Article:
Transit 101 – Episode 4 – Bikes on transit

Ever wanted to take your bike with you when you embark on your transit commute? Well in many cases, you can! Many transit agencies have equipped their buses with bike racks, which allow for easy transport of your bike when going from A to B. Additionally, many transit agencies no longer require you to have a special permit to use this service.

In this episode of Transit 101, I’ll show you how easy it can be to bring your bike with you while riding the bus or train.

Bikes on Buses

You can see the bike rack that is attached to the front of this Pinellas Suncoast Transit Authority (PSTA) bus.

As I mentioned a moment ago, many transit agencies have equipped their buses with bike racks. While many agencies use racks that can accommodate two bikes, some agencies use racks that can accommodate three. The way that the racks look may vary based on the supplier that the transit agency uses, but a wide array of bikes can be accommodated regardless of the type of rack used.

Below is a video from the Chicago Transit Authority (CTA) illustrating how to use the bike rack on the front of the bus. Before the bus arrives at your stop, be sure to have your proper fare ready and step near the curb with your bike with you. It is a general courtesy to notify the operator of your bike before loading it onto the bike rack of the bus.

When unloading your bike, as illustrated in the video, notify the operator that you’re going to remove the bike from the rack and exit the bus through the front door.

Bikes on Trains

Two bikes are secured to the on-board bike rack on a SunRail Commuter Rail train car.

Many transit agencies that operate subway, light rail, or commuter rail systems will also allow customers to bring their bikes with them while on board a train. Specific rules may vary between agencies, including whether an on-board bike rack is available. Generally, older trains will not have on-board bike racks available – so if you’re allowed to take your bike with you, you’ll need to make sure that you hold your bike securely and keep all aisles and doors clear.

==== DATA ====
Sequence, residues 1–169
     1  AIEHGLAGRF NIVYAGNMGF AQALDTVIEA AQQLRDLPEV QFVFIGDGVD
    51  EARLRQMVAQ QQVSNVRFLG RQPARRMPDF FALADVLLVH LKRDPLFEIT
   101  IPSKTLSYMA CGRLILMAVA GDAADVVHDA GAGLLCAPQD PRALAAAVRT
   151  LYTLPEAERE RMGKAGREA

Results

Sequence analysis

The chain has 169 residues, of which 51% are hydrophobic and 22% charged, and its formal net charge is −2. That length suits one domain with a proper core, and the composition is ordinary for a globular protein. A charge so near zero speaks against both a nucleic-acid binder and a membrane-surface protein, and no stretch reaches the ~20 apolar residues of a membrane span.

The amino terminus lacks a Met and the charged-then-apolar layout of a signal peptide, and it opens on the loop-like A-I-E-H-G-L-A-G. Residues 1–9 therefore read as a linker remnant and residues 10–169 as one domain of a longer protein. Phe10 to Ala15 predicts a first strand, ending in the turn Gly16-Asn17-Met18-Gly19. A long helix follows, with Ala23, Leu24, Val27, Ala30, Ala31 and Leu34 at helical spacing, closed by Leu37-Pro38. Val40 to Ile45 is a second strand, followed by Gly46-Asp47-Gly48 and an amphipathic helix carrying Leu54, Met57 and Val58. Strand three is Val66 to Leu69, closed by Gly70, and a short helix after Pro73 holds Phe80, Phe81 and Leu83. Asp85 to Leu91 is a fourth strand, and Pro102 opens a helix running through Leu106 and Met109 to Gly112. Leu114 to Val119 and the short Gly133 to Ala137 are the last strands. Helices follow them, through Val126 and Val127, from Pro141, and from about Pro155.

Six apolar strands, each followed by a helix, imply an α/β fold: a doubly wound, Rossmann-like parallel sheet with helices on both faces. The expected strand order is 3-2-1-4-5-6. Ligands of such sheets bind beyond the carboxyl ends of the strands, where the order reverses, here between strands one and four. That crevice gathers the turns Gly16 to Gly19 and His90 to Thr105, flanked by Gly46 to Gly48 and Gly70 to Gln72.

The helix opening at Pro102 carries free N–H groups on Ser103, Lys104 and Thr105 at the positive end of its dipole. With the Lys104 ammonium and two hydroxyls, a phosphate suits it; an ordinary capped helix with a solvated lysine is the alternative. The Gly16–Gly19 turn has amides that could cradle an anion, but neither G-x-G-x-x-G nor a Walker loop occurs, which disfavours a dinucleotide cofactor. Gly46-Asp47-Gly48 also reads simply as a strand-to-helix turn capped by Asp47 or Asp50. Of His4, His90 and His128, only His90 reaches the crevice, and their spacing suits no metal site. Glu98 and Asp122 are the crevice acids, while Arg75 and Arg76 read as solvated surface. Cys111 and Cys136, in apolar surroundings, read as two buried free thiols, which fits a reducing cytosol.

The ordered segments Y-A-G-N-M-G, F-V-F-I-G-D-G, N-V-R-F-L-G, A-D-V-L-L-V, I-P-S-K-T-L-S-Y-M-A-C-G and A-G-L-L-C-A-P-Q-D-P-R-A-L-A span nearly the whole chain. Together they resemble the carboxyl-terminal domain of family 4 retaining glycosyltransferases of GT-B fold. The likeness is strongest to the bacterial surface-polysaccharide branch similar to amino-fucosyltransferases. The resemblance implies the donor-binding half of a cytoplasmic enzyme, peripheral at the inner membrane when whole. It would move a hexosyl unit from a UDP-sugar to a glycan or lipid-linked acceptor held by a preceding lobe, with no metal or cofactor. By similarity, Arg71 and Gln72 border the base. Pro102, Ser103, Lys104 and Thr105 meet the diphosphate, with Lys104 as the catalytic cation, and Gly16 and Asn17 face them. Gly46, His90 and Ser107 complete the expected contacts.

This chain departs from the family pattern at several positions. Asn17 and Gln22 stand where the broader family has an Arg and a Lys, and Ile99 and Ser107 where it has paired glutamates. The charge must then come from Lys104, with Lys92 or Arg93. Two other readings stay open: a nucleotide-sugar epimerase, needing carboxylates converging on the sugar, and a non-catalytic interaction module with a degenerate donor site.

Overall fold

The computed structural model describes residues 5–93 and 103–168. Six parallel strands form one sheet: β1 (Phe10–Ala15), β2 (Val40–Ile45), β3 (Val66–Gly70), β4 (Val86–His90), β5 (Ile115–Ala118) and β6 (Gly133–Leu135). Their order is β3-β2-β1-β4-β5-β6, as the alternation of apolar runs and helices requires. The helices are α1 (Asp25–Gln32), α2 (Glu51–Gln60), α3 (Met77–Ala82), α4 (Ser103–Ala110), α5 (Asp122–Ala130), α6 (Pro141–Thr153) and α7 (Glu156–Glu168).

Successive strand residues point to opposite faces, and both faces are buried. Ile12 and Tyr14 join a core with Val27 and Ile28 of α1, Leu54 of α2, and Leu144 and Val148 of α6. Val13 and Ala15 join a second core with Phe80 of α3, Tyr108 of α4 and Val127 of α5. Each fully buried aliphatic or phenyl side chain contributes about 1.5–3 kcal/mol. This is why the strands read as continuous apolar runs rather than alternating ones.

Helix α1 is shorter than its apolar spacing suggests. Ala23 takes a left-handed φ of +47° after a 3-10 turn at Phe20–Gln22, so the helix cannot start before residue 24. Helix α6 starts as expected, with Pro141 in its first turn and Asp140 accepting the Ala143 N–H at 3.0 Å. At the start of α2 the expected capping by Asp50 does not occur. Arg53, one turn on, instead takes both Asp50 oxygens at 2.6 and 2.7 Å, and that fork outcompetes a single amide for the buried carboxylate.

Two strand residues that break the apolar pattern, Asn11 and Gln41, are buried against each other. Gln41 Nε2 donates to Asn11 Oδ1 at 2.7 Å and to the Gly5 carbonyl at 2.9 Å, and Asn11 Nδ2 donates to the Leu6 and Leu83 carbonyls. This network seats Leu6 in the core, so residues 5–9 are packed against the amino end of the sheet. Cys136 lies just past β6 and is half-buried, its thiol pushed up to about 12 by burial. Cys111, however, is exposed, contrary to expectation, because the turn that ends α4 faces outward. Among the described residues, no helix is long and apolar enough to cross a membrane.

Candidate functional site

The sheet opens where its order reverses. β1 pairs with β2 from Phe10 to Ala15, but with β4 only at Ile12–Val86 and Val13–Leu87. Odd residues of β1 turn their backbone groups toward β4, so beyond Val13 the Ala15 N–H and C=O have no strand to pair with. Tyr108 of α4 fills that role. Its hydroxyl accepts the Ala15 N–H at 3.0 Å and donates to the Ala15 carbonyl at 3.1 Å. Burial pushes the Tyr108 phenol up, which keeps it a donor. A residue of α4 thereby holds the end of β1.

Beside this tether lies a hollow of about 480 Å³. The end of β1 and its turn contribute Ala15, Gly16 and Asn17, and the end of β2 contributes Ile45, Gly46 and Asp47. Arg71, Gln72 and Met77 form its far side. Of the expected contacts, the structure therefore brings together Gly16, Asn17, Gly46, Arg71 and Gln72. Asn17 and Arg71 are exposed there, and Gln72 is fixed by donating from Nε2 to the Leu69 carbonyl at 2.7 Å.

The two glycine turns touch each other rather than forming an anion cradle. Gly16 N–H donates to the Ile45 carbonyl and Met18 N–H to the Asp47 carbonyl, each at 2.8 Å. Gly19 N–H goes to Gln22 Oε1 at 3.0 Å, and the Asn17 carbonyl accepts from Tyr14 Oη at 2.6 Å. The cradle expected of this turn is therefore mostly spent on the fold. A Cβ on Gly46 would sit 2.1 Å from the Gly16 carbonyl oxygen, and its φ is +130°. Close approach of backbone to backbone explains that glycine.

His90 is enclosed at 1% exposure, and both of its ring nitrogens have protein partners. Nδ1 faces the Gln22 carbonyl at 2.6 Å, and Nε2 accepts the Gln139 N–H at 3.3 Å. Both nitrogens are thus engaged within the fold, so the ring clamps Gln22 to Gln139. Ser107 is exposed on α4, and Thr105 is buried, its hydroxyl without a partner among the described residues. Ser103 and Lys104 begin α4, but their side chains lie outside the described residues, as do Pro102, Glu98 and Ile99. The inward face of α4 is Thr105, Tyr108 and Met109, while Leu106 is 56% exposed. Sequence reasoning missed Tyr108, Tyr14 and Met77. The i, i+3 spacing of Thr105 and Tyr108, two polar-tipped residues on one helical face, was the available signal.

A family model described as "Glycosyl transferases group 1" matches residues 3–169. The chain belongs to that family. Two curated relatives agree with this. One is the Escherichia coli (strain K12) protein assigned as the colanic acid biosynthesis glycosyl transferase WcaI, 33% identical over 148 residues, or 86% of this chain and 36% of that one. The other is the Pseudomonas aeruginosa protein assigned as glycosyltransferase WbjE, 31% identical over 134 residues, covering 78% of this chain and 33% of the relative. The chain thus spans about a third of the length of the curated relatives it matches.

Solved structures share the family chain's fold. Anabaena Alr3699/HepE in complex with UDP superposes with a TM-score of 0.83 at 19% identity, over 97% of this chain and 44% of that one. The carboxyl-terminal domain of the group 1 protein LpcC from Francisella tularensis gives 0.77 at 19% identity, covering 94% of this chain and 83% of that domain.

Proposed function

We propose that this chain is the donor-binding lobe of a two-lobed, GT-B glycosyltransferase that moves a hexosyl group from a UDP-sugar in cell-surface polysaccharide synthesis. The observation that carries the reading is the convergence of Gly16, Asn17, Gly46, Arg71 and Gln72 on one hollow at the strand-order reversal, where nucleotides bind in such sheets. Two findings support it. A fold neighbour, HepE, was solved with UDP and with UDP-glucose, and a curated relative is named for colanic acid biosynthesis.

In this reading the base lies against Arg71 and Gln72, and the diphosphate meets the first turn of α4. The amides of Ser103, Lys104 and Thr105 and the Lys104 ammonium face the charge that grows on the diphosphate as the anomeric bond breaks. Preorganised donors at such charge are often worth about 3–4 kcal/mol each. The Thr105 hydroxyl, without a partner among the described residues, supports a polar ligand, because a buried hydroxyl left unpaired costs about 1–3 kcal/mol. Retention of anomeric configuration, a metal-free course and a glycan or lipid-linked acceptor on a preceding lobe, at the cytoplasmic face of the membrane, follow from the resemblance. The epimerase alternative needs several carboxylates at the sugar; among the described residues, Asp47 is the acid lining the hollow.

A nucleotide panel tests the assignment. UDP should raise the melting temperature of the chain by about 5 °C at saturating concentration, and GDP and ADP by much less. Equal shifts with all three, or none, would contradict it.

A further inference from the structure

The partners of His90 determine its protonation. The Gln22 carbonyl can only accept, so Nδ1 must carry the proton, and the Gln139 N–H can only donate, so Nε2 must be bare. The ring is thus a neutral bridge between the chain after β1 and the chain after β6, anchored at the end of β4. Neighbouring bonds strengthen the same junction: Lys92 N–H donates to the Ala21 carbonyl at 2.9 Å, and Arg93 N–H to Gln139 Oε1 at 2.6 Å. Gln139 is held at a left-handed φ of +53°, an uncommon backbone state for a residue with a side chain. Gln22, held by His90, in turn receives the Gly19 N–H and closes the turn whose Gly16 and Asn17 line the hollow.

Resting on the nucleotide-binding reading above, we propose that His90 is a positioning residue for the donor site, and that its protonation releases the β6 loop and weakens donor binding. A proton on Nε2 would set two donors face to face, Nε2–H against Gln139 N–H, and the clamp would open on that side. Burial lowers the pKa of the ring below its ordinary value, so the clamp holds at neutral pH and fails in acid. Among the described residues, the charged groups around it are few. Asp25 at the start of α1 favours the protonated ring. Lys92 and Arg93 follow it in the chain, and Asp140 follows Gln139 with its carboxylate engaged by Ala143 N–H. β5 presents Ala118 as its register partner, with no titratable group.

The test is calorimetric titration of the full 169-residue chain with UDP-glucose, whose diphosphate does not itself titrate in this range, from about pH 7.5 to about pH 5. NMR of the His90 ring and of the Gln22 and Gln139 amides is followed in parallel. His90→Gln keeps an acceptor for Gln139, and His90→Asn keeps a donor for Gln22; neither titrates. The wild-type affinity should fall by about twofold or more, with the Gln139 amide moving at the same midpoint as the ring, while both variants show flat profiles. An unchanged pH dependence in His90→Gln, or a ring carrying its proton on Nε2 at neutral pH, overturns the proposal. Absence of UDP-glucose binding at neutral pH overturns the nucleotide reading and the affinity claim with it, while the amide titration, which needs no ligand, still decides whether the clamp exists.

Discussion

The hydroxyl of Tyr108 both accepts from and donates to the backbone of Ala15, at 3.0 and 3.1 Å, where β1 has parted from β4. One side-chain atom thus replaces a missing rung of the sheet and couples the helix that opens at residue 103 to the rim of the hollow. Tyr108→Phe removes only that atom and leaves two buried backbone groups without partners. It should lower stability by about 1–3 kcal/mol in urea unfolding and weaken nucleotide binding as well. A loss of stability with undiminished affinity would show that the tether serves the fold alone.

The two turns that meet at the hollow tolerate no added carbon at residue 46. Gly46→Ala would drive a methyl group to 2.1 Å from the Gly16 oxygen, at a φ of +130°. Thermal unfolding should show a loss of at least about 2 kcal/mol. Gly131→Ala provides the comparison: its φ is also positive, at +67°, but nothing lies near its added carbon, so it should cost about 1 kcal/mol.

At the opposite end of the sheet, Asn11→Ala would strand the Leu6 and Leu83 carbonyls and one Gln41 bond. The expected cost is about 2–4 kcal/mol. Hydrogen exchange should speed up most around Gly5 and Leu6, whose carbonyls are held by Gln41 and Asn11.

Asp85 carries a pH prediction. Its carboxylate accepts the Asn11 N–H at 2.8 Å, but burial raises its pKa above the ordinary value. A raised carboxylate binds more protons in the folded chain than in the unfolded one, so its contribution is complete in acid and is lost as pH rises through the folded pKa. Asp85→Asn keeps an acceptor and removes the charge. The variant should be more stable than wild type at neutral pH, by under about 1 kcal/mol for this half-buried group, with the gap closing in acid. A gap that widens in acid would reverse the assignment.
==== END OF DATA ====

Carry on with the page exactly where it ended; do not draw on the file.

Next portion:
Accessing rail lines that do not utilize traditional fare gates or turnstiles are usually not an issue if you have your bike with you. However, accessing systems that do use such mechanisms can be very challenging and intimidating. In these situations, never attempt to lift your bike over a turnstile. Instead, utilize the service swing gate to access the rail platform. Always carry your bike up and down stairways and use elevators when they are available. Do not attempt to carry your bike onto an escalator, as you may wind up easily falling on the moving steps – which can result in serious injury or even death.

If a transit agency staff member or security guard is visible, it is generally advised that you notify them first so that they may assist you in getting your bike to and from the platform area. On older subway systems (like the New York City Subway), some entrances and exits may be configured in a manner by which entering or exiting the platform area with a bike may be impossible (for instance, the station exit only features a full-height revolving gate with metal bars). In these cases, simply proceed to the next available station that has a service swing gate.

If the station exit only features full-length revolving gates like this, do not attempt to exit, simply proceed to the next station. You don’t end up like this unlucky soul (who did not have a bike, but was attempting to evade fare). Credit: NY Post.

General Rules

While specific rules regarding bikes on transit vehicles may vary between transit agency, below are the general guidelines to follow when taking your bike with you on your transit journey.

In addition to the above, do your best to not create a situation by which you may be denied boarding because your bike is suddenly considered a safety hazard. Always be considerate of those around you and wait for exiting customers to leave the transit vehicle before boarding. Always keep doors and aisles clear, properly secure your bike, and follow instructions given by transit agency staff, security guards, and law enforcement officers. But above all, enjoy your transit journey with your bike close by!

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2 thoughts on “Transit 101 – Episode 4 – Bikes on transit”

  1. NYCTransit allows people to bring their bikes in their subway trains. Unfortunately, there are very few bike racks on New York City buses (Staten Island), or none at all. The City is continuing an experimental project involving bike racks on city buses, so hopefully, someday, this could become a reality for bike owners who ride MTA buses.

    1. Hi Letticia, I was heavily surprised to see the NY MTA buses without bike racks. I do hope that the agency will eventually add them to their buses, especially with what I call (L) from Hell on the horizon.

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